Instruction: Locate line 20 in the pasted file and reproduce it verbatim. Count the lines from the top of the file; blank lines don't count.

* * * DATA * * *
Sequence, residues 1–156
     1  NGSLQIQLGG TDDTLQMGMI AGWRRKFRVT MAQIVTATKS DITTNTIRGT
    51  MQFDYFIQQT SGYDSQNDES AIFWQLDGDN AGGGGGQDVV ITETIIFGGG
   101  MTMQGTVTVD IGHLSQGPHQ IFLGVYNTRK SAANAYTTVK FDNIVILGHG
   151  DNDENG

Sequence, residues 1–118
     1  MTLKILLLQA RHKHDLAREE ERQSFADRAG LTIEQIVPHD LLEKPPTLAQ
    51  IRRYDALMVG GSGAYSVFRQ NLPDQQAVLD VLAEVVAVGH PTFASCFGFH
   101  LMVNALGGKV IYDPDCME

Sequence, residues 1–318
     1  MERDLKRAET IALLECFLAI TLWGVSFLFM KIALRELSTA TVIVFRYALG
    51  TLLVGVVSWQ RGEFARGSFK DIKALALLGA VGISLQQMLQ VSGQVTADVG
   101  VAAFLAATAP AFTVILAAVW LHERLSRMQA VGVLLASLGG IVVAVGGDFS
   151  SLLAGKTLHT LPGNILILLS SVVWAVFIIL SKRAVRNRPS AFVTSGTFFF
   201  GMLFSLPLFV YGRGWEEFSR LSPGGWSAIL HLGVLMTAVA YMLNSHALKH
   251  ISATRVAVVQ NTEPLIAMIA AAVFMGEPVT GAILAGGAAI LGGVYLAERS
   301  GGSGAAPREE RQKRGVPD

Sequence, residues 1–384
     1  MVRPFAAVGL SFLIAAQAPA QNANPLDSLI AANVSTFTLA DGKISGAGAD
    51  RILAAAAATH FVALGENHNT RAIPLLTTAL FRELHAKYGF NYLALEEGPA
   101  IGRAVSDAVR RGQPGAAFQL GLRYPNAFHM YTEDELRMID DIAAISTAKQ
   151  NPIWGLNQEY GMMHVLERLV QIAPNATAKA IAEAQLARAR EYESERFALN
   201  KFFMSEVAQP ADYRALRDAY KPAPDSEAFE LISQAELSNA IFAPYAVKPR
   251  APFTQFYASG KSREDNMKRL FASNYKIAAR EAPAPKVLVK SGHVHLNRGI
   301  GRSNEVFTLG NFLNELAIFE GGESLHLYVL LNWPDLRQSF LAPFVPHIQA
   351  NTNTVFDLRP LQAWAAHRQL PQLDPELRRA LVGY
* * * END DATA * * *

    51  RILAAAAATH FVALGENHNT RAIPLLTTAL FRELHAKYGF NYLALEEGPA